A growing number of cities and states are transitioning to 100 percent clean energy — or have already. This report examines the progress communities and states have made in this journey and highlights the commonalities and differences in clean-energy policy definitions, how these policies are enacted and what those policies actually look like. To learn more, read the UCLA Luskin Center for Innovation’s full report: “Progress toward 100% clean energy in cities & states across the U.S.”
- 204 cities and counties, along with 11 states, Puerto Rico, and the District of Columbia have committed to 100% clean electricity.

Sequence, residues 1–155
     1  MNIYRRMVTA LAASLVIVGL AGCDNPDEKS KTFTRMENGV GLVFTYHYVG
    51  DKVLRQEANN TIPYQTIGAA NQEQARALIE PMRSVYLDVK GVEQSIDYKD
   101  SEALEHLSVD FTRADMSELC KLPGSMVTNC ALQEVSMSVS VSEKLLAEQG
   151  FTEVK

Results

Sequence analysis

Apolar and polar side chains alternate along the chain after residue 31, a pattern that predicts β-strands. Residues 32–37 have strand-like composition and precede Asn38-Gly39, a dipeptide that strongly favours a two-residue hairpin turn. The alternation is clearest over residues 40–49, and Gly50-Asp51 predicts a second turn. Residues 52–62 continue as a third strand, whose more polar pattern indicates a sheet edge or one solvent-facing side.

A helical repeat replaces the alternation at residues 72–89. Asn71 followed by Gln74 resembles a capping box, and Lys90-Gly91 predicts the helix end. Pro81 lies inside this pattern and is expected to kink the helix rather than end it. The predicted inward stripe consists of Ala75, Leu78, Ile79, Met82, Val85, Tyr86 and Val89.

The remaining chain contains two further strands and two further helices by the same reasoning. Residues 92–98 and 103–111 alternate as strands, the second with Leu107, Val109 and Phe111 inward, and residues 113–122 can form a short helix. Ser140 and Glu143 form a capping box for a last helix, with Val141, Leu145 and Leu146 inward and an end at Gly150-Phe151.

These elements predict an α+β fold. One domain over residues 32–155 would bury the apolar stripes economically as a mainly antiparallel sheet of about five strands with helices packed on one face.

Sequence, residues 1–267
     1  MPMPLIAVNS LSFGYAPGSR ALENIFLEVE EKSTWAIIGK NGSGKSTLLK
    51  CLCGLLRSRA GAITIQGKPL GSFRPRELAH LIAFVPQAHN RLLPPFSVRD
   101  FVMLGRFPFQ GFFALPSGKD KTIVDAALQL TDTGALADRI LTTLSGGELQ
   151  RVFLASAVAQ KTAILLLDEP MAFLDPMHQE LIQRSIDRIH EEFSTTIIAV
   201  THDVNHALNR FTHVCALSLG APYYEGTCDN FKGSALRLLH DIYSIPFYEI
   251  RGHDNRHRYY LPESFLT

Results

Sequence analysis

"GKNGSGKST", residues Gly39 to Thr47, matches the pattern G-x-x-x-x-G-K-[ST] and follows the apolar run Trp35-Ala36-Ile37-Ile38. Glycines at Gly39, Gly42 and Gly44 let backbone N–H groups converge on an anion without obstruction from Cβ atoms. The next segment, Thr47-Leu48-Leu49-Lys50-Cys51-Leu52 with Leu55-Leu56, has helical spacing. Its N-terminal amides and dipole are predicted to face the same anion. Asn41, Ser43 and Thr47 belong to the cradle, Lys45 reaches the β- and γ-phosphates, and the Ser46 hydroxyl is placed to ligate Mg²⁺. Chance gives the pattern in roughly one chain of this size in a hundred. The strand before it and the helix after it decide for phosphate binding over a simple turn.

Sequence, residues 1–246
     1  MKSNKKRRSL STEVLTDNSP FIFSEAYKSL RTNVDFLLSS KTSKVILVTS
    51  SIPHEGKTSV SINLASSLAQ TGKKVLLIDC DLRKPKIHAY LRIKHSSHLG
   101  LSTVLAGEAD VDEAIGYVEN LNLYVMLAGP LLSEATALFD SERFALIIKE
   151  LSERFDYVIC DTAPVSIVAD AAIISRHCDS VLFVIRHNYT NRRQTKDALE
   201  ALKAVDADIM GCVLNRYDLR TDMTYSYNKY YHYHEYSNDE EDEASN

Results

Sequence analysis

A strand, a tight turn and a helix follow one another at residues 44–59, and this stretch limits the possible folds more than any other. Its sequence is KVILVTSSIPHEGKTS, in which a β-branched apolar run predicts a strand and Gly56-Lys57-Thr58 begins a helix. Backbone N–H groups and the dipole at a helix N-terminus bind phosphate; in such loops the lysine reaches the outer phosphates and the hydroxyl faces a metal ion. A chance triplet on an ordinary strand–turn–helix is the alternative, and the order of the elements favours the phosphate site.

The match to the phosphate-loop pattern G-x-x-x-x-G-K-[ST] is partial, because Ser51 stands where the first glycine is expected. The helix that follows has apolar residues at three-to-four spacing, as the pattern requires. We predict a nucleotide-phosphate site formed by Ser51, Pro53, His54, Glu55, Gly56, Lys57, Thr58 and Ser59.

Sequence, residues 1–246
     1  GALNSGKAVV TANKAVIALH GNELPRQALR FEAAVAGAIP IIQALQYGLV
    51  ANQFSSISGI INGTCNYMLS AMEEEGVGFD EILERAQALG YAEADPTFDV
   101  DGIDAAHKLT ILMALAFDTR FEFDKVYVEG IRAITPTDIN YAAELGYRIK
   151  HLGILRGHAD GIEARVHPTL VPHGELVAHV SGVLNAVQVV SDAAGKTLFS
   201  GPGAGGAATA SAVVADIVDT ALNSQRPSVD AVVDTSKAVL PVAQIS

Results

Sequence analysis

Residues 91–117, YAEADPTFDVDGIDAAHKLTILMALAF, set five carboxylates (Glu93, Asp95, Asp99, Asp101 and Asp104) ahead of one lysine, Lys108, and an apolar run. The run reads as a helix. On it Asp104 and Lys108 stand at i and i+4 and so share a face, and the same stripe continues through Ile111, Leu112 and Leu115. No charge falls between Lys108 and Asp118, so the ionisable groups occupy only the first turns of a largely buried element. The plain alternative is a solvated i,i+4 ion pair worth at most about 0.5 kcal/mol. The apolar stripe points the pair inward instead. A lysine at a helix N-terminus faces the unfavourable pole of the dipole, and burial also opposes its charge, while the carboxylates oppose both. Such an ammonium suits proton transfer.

- For states establishing clean-energy targets, their definitions might vary based on:
- what resources are eligible
- how binding they want the 100 percent target to be
- how and when they want to achieve this target
- For states enacting clean-energy policy, they can pursue various avenues that may include:
- passing legislation
- issuing executive orders
- proposing ballot measures
- For cities and countries, to enact clean-energy policies, they may choose to work with:
- publicly owned utilities
- electric cooperatives
- community choice aggregators
Path to 100% Perspective:
Successful, diverse examples of states and communities committing to or achieving 100 percent clean energy suggest that a clean-energy future is not only feasible but flexible. States and cities can create 100 percent clean energy policies to fit within their economic, political, and electrical market landscapes in order to ensure viability and feasibility long term. Essentially, there is more than one pathway to 100 percent.